1GB is a for rookies, as scientists break record of data transmission rate at whopping 1.125 Tb/s
How would you like to download a 2GB movie in under 1 second. No, this is not fiction. Scientists at the University College London (UCL) in the Optical Networks Group have set a new record for the fastest ever data transmission rate for digital information between a single transmitter and receiver, by sending data optically at a rate of 1.125 Tb/s (terabits per second).
Lead researcher, Dr Robert Maher, UCL Electronic & Electrical Engineering, said in a press release: “While current state-of-the-art commercial optical transmission systems are capable of receiving single channel data rates of up to 100 gigabits per second (Gb/s), we are working with sophisticated equipment in our lab to design the next generation core networking and communications systems that can handle data signals at rates in excess of 1 terabit per second (Tb/s).
“For comparison this is almost 50,000 times greater than the average speed of a UK broadband connection of 24 megabits per second (Mb/s), which is the current speed defining “superfast” broadband. To give an example, the data rate we have achieved would allow the entire HD Games of Thrones series to be downloaded within one second.”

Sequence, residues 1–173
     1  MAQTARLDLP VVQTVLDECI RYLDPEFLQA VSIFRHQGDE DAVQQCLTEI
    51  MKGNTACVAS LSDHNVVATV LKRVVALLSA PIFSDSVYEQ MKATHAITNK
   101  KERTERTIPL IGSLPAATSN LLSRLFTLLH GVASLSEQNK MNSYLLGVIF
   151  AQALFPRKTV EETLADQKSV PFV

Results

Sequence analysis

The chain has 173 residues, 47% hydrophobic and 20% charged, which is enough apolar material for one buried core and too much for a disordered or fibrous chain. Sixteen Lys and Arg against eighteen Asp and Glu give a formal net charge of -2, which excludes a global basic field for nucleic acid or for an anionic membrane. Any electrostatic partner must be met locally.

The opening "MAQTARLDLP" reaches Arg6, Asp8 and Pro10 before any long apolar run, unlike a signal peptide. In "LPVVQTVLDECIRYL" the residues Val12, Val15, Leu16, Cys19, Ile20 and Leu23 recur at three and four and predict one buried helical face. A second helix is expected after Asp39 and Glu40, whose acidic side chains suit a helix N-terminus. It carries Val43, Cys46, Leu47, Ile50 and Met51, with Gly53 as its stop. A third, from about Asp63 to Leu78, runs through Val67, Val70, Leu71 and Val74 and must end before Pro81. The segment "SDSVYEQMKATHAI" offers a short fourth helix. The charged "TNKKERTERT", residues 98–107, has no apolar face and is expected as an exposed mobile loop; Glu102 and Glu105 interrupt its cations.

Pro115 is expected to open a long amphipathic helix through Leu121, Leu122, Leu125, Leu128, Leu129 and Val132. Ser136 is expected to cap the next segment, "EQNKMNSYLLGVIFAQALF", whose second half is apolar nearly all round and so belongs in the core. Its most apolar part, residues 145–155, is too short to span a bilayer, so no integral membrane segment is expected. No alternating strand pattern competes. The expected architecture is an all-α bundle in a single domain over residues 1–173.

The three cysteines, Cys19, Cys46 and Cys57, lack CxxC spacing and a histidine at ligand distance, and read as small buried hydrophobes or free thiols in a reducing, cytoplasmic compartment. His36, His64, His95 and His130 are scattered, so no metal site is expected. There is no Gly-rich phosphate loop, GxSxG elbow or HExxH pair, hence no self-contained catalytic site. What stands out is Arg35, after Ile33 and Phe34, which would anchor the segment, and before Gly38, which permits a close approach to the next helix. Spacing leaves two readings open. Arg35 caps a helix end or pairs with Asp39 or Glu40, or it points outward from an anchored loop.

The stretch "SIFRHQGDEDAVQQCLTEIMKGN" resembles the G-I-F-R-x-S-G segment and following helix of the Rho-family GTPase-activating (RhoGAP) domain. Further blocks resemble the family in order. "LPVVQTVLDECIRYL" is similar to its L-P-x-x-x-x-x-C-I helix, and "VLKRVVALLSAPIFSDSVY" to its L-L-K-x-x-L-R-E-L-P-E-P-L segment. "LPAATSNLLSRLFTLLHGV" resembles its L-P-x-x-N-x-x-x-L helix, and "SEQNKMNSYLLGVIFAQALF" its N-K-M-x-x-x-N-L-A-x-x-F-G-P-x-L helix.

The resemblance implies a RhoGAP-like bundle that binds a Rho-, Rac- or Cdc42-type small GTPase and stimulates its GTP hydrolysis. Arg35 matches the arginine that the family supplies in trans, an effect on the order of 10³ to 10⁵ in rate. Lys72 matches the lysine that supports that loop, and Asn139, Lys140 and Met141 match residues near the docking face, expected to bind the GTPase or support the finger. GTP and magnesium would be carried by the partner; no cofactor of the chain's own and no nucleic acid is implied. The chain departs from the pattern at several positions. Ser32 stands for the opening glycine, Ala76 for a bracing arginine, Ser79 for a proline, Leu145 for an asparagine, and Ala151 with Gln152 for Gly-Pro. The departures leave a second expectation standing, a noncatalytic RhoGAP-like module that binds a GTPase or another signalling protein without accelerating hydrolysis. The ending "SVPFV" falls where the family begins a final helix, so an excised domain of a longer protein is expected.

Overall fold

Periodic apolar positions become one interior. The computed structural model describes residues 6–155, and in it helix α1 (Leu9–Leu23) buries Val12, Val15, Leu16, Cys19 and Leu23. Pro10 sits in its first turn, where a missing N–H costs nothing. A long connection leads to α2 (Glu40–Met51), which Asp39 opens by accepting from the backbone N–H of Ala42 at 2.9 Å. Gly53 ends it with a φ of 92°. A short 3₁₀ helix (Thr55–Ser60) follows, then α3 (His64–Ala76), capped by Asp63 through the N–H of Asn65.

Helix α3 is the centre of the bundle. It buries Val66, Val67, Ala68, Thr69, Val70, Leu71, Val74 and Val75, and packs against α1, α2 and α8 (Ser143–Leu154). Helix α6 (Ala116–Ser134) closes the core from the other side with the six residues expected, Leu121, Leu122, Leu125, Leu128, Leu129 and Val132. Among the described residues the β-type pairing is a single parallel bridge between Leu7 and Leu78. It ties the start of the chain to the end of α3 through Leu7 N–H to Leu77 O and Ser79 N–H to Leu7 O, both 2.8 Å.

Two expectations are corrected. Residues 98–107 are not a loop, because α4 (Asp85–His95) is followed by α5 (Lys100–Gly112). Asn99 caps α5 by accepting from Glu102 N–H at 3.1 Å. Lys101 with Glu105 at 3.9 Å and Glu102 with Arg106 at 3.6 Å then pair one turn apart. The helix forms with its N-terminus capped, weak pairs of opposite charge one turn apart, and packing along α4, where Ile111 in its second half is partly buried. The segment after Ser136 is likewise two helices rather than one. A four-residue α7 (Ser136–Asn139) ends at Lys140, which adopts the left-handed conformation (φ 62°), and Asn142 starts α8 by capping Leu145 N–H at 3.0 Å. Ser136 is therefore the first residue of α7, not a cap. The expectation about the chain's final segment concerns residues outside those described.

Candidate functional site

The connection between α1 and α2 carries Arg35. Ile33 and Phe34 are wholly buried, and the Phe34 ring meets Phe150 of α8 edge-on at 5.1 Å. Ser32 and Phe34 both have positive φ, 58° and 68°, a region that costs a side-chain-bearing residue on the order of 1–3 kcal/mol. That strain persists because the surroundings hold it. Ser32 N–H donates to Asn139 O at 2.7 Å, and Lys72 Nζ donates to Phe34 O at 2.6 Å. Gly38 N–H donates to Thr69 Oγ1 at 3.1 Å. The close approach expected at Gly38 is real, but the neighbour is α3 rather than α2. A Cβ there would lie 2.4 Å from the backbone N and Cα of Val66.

The study used procedures from digital signal processing and information theory to custom build an optical communications system with multiple transmitting channels and a single receiver. The study will be published today in Scientific Reports.
The researchers built the new optical system using fifteen different channels to send the data, each of them carrying an optical signal of different wavelength. Each channel is separately modulated, and they are all combined, which is then sent to a single optical receiver for detection. The team created a ‘super-channel’ by grouping the channels together. At the other end, a receiver with incredibly high bandwidth makes sense of it all.
“Using high-bandwidth super-receivers enables us to receive an entire super-channel in one go. Super-channels are becoming increasingly important for core optical communications systems, which transfer bulk data flows between large cities, countries or even continents. However, using a single receiver varies the levels of performance of each optical sub-channel so we had to finely optimise both the modulation format and code rate for each optical channel individually to maximise the net information data rate. This ultimately resulted in us achieving the greatest information rate ever recorded using a single receiver,” said Dr Robert Maher.
In this study, the researchers directly connected the transmitter to the receiver to get the maximum data rate. For their next experiment, they will need to link the transmitted to the receiver using optical fibres, which will cause the optical signals to become distorted as they travel through thousands of kilometres.
Soon this technology will percolate down to commercial use and we may also be able to enjoy breakneck speeds while surfing Internet or playing online games.